|Publication number||US5027270 A|
|Application number||US 07/255,791|
|Publication date||Jun 25, 1991|
|Filing date||Oct 11, 1988|
|Priority date||Oct 11, 1988|
|Also published as||CA1332248C, DE3933849A1|
|Publication number||07255791, 255791, US 5027270 A, US 5027270A, US-A-5027270, US5027270 A, US5027270A|
|Inventors||Thomas J. Riordan, Paul S. Ries, Edwin L. Hudson, Earl A. Killian|
|Original Assignee||Mips Computer Systems, Inc.|
|Export Citation||BiBTeX, EndNote, RefMan|
|Patent Citations (6), Referenced by (64), Classifications (12), Legal Events (8)|
|External Links: USPTO, USPTO Assignment, Espacenet|
1. Field of the Invention
The present invention relates generally to digital processors and, more particularly, relates to a processor controlled interface between a processor, instruction cache, and main memory.
2. Description of the Relevant Art
A new development in computer architecture has been the introduction of RISC (Reduced Instruction Set Computer) devices, in which, ideally, an instruction is issued each operational cycle. The key to the efficacy of a RISC machine the ability to execute a very large number of instructions each second. Accordingly, much effort is being expended improving the design of these machines to eliminate any delays to instruction processing.
To maintain a high processing rate, instructions need to be accessed from the instruction store at a rate of one per cycle. Special high-speed memory devices are available from which a single instruction may be accessed in one cycle. However, such devices are expensive and are generally used as an instruction cache to store a portion of the instructions in a given program. The remainder of the instructions are stored in main memory.
If the processor references an instruction not stored in the cache, then a "cache miss" occurs. At this point, the processor must stall while the referenced instruction is written to the cache from main memory during a cache refill operation.
Generally, a single instruction can not be accessed from main memory in one cycle. However main memory may include a page mode feature utilized to access one instruction per cycle after an initial set-up time denoted the "memory latency". This latency occurs each time a cache miss occurs and main memory is newly accessed and is a hardware limitation of the memory system.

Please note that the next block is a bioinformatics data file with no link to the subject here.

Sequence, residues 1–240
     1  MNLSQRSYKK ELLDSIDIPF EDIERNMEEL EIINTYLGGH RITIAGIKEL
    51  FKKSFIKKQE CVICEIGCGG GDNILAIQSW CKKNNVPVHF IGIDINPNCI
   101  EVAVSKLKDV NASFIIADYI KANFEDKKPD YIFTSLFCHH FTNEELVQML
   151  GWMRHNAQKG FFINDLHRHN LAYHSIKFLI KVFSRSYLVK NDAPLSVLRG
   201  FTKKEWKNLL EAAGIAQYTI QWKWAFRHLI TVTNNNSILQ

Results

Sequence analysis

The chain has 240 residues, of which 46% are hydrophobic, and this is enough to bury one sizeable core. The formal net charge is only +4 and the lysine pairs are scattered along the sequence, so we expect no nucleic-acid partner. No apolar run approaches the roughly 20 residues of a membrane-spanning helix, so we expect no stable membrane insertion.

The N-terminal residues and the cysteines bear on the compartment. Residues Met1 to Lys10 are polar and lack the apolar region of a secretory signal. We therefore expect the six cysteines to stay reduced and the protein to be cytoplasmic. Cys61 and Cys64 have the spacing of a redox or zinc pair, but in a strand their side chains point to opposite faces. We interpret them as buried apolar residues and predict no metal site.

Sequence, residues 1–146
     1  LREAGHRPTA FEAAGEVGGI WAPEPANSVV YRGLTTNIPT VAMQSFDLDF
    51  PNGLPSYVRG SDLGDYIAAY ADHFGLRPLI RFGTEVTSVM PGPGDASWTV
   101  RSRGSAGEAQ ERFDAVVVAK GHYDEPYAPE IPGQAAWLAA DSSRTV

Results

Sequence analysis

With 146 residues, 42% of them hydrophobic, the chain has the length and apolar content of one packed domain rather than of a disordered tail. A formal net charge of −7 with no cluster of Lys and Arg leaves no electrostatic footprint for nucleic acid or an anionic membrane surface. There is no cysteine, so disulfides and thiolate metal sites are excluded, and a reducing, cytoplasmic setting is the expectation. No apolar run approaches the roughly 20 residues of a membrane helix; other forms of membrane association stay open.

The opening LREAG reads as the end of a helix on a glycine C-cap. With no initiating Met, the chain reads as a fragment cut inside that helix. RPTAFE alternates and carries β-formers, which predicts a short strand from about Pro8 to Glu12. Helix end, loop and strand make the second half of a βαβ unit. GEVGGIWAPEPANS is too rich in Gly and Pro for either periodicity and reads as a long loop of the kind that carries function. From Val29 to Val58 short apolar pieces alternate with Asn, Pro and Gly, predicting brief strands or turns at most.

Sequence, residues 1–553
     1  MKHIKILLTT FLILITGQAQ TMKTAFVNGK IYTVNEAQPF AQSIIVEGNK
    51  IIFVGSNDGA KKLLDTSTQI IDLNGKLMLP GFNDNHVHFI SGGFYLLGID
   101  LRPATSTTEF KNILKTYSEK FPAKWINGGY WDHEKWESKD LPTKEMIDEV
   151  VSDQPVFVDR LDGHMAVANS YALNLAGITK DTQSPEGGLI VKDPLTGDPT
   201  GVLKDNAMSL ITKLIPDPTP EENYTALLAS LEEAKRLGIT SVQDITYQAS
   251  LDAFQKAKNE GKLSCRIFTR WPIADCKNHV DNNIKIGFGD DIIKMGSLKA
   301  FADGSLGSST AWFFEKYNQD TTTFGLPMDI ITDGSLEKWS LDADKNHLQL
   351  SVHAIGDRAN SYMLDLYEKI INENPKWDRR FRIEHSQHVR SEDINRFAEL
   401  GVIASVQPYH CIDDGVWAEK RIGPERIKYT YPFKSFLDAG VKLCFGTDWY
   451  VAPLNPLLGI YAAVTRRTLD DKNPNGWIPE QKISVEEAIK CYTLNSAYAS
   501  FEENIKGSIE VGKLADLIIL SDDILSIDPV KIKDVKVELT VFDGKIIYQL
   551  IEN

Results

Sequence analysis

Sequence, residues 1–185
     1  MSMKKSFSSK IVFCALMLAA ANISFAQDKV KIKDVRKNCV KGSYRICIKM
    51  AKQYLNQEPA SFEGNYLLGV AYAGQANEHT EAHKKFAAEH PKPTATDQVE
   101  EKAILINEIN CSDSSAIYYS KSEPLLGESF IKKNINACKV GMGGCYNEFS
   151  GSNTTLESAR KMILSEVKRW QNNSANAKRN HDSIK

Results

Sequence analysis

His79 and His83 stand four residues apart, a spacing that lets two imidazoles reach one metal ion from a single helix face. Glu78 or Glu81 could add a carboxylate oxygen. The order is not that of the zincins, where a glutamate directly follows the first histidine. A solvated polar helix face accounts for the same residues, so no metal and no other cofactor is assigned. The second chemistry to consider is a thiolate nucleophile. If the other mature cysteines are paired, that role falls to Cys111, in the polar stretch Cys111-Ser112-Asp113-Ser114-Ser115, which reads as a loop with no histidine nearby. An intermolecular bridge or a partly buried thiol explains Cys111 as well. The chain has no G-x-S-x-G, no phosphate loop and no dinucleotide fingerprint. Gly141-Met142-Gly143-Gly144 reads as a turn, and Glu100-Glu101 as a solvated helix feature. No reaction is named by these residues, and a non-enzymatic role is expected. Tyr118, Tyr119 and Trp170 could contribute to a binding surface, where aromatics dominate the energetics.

Most programs are designed so that instructions are accessed from sequential memory locations except in exceptional circumstance, e.g., the occurrence of a branch in the program. Accordingly, if a given reference misses the cache it is likely that the following reference will also miss the cache. Thus, the cache is often refilled with a block of instructions accessed from main memory including the missed instruction so that the subsequent instructions in the block may be sequentially accessed from the cache. Also, if a block of instructions is accessed, the cache may be refilled at a rate of one instruction per cycle after the initial latency.
Unfortunately, the processor must be stalled during a block refill of the cache with the refill latency. i.e., the length of the stall equal to the sum of the main memory latency and the number of words in a block multiplied by the duration of a cycle. Thus the refill latency caused by the block instruction cache refill operation reduces the number of instructions processed each second.
Accordingly, a system for efficiently refilling the cache while not significantly reducing the processing rate is greatly needed in the field.